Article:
How about the 'Service'? Does Casual Employment Count?
A recent decision of the Full Bench in AMWU v Donau Pty Ltd  FWCFB 3075 (Donau) has held that a permanent employee's initial regular and systematic casual employment will now be included in their service period for redundancy calculations.
The decision overturned the earlier ruling of Commissioner Riordan in AMWU v Forgacs Engineering Pty Ltd  FWC 638 and is centred on an unprecedented interpretation of the definition of “service” and "continuous service" contained in section 22 of the Fair Work Act 2009 (Cth) (FW Act).
Senior Deputy President Drake and Deputy President Lawrence constituted the majority and said that there are no words in the FW Act or the applicable enterprise agreement which exclude a period of regular and systematic casual employment from the definition of service or continuous service for the purpose of calculating severance payments.
Commissioner Cambridge dissented, holding that service is intrinsically not derived from casual employment unless specified otherwise. He said the majority's construction was inconsistent with the industrial purpose of casual employment.
What's the effect?
Don’t press the panic button yet. The decision does not give employees who are casuals at the time of termination a right to redundancy pay. This is precluded by s 123 of the FW Act and remains unaffected. It is confined to the situation where a permanent employee who was initially employed as a casual is made redundant.
The decision will apply when calculating redundancy entitlements for an employee who:
- is being made genuinely redundant
- is a permanent employee at the time of the redundancy
- was initially employed as a causal employee on a regular and systematic basis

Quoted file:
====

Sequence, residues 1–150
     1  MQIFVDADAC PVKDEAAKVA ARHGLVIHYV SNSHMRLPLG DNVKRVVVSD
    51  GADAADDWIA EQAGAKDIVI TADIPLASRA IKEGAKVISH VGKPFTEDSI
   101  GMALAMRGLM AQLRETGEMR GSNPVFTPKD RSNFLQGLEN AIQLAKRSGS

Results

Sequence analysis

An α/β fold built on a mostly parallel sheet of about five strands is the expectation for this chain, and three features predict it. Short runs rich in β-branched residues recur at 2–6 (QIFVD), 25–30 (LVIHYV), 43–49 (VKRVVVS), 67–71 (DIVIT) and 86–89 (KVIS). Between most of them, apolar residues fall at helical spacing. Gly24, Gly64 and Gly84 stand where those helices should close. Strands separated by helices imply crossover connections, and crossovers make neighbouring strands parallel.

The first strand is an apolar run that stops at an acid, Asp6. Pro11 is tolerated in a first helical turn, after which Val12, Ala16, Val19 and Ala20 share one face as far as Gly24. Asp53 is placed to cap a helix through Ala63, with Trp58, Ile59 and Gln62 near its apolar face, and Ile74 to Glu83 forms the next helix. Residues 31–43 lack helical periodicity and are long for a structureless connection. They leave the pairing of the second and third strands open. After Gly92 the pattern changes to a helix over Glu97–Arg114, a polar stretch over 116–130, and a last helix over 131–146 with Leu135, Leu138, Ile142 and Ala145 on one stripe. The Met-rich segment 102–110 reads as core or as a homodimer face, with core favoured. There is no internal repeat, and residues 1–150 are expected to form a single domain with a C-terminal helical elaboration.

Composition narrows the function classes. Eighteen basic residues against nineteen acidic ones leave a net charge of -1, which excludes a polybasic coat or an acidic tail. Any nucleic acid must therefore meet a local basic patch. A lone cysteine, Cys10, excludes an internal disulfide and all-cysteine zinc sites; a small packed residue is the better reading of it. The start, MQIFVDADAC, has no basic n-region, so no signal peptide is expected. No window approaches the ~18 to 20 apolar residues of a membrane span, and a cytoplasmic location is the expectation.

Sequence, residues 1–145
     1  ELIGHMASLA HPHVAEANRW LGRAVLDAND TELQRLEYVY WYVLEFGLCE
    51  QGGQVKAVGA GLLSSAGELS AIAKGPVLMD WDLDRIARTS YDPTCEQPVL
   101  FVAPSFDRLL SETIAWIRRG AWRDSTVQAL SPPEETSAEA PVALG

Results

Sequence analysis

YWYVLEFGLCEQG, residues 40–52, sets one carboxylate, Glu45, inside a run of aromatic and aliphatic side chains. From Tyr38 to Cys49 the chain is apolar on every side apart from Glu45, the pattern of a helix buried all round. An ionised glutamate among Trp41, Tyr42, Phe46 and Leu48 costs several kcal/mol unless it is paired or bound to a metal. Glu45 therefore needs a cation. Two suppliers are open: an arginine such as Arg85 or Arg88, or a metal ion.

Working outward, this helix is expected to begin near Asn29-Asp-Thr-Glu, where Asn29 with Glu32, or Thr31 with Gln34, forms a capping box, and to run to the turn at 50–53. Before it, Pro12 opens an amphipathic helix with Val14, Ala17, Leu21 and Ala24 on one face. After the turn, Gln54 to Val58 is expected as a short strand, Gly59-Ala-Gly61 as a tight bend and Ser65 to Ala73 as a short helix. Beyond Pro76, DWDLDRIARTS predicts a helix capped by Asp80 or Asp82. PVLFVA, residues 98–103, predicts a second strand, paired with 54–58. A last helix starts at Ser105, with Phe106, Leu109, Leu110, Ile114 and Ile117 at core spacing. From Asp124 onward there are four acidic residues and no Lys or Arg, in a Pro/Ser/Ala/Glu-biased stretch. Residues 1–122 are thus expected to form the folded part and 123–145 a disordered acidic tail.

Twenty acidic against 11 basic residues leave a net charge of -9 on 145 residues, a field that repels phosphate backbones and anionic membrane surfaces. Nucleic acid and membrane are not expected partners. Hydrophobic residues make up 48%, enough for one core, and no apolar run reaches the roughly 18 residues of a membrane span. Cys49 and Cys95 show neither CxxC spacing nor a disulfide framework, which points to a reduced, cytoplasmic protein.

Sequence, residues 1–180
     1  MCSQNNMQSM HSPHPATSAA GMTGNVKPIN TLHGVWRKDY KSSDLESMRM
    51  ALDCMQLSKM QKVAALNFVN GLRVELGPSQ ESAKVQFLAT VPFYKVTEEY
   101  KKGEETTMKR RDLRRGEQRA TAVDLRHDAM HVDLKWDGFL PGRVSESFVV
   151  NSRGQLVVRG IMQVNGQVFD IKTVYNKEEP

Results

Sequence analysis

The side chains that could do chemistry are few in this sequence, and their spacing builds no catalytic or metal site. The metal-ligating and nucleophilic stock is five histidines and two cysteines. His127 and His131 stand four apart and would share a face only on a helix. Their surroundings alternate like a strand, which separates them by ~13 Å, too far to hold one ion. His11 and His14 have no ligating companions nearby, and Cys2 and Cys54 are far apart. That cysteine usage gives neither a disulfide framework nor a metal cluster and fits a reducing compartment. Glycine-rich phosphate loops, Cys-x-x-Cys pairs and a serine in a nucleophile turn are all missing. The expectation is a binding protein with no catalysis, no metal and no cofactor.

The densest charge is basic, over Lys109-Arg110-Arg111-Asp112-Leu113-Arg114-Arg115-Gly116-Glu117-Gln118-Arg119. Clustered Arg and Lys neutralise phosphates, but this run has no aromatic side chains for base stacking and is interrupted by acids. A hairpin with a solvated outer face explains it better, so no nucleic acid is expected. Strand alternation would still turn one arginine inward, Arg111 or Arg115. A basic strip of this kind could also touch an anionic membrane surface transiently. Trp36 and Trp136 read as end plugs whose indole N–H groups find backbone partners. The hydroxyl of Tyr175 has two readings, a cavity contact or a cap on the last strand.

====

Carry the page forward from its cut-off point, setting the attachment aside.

- did not take a break between their casual and permanent roles
- is not subject to an enterprise agreement, contract or other industrial instrument that expressly excludes casual employment from the definition of service.
What does this mean for you?
Employers will now need to:
- reconsider the effect of including casual conversion clauses in contracts of employment and enterprise agreements
- communicate the change to all staff in human resources and payroll so that they know to include immediately preceding periods of regular casual service in redundancy payout calculations for permanent employees
- review business restructuring plans to assess possible cost consequences
- update policies if required.
What could it mean for other entitlements?
The majority judgment did not address how its interpretation will apply to the accrual of other service related entitlements afforded to permanent employees under the FW Act and National Employment Standards (NES).
Does the majority’s interpretation of “service” then effectively mean that casual employees who become permanent now also accrue annual, personal or carer’s leave from the date they commence as a casual?
Surely not. Practically, this is at odds with the construction of the statutory scheme, which already provides a 25% casual loading to casual employees instead of the service related entitlements permanent employees receive. If service related entitlements also accrued, casual employees who transition to permanent roles will effectively be "double dipping" for their casual employment period.
The nature of casual employment is also in the spotlight as part of the Modern Award Review. Currently, the Fair Work Commission is considering whether to insert a clause affording casual employees an “absolute right” to become a permanent employee after six months of regular casual employment. The effect of the Full Bench decision in Donau may have even wider consequences for employers if this is accepted.
Access the Full Bench decision in Donau by clicking here.
Can we help?
If you have any questions about the effect of the decision on your obligations as an employer, please do not hesitate to contact our Labor, Employment and Workplace Safety team.
This publication/newsletter is for informational purposes and does not contain or convey legal advice. The information herein should not be used or relied upon in regard to any particular facts or circumstances without first consulting a lawyer. Any views expressed herein are those of the author(s) and not necessarily those of the law firm's clients.